Europe's biggest bass and soundsystem culture event...

It's Tuesday evening and we've just arrived at Outlook, Europe's biggest bass and soundsystem culture festival - but it's not off to the best start. The forecast for the next few days is a string of rainclouds and thunderbolts, an (unofficial) soundsystem down the beach is playing psytrance, and the cling-ons from Dimensions bemoan the influx of a younger, louder crowd - white tee and cross body bag seemingly the uniform. "I feel like it's completely Skepta's fault", complains one guy.

Still, we're sipping on some Croatian specialties (coke & red wine in a can and 35p Karlbeer) by the beach where we pitch up. Its sister festival might boast the more intimate vibe, but people come to Outlook to party rather than chill. Where else can you go from a Loefah jungle set in a 19th century moat at 6am, catch a couple hours sleep, then get straight on a boat with The Artful Dodger?

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That's exactly what happens on Saturday morning, surprisingly, when we board the Wavey Garms boat (we'd like to think we're better than saying something about about getting wavey, but we're just not). On the top deck, a limping Hatcha snatches the mic away from the health and safety announcer to shout "no-one cares", before rolling through a euphoric history of UK garage set to girls in full look Burberry and boys in Moschino. The waters turn incredibly choppy, making those feeling fragile from the night before turn green, but The Artful Dodger are on top form, with MC Alistair asking the crowd if they've got any drugs ("seriously... we need fucking loads"), rinsing a random man in the crowd ("cut your hair you're a c*nt") and bringing up a guy to dance with him because he looks like Lewis Hamilton.

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If you're lucky enough to be in this part of Istria in early September, a boat party should be your priority. The previous evening it was all about sailing with Bandulu, where Kahn & Neek, Stormzy, Hi5 Ghost and Flowdan fire an assortment of sub-quaking weapons from Kromestar and a selection of sought-after dubplates (not to mention Commodo's 'All Of The Lights' flip) through the Electrikal stacks on board, with Flowdan urging us to shout "fuck all them other boats".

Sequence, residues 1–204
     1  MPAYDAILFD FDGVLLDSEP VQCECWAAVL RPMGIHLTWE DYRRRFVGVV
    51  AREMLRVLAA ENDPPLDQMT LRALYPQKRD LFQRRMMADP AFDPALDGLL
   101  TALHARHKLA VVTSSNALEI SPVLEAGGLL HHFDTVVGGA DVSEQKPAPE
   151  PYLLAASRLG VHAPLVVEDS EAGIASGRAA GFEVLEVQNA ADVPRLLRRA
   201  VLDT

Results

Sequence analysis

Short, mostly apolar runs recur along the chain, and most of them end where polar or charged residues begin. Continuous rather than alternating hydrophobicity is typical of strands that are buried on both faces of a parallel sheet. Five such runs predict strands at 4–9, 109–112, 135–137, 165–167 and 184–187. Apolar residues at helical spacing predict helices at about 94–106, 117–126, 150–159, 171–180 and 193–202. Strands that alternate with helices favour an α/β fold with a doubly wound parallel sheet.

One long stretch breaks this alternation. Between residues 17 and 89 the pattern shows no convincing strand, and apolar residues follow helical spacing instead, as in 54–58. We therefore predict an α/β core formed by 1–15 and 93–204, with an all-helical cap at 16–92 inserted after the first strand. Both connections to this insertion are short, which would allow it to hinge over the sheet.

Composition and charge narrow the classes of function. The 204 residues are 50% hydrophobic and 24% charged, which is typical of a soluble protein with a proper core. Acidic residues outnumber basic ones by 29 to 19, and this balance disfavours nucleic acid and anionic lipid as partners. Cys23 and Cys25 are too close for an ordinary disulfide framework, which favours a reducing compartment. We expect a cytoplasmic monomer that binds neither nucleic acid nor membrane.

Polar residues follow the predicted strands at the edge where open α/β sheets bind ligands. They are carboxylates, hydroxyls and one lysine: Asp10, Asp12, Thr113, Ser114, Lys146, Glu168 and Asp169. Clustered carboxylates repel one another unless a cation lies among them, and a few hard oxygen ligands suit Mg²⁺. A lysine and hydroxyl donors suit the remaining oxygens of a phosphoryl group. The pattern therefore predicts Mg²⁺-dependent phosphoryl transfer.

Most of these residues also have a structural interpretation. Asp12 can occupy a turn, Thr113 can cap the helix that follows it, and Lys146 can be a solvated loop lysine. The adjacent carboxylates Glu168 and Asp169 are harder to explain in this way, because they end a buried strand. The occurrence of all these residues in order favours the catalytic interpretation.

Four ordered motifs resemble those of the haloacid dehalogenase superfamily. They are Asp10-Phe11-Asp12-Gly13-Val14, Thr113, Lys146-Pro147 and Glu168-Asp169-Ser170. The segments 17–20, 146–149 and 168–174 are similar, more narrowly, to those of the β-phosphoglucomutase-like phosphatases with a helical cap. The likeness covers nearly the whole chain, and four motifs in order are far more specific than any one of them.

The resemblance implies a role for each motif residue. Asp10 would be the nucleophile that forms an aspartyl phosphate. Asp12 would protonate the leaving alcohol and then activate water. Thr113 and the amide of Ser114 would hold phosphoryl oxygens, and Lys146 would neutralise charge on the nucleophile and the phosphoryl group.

Our initial concerns of a straight-out-of-school crowd who've just discovered 'That's Not Me' quickly disappear - it's a mix of all ages and characters. Special mentions go to the group of guys dragging a dusty sleeping bag around the campsite, calling for £2 donations for their dog Terry to get some new legs (Terry soon acquired a polystyrene human head), and the circle of lads solemnly singing Atomic Kitten's 'Whole Again' at 11am.

That said, Outlook is the sort of place you go for a hit of nostalgia. Well-loved classics like 'Sleng Teng' and 'On A Ragga Tip' are the order of the day, but we also make some new discoveries. After the Astral Black beach party, with DJ Milktray, Jon Phonics and Bushido, we get fully seduced by BMB Spacekid, who's come all the way from St. Petersburg to play a live set of skewed hip-hop and Rihanna edits, leaving us itching to go get his 'From Russia With LOVE' album.

By and large a counter culture festival, it isn't one to book pop acts, but the closest we get to a Top 40 experience is with Beenie Man, whose live band provide unforgettable renditions of 'Dude' and 'Hmm Hmm' on Friday, letting us re-crown him the King of Dancehall. While hip-hop gets some heavy bill space too, having first been introduced by the festival in '13, and we catch Flatbush Zombies defying gravity with their onstage leaps to 'Thug Waffle', along with festival favourites and all-round lovely guys Run The Jewels.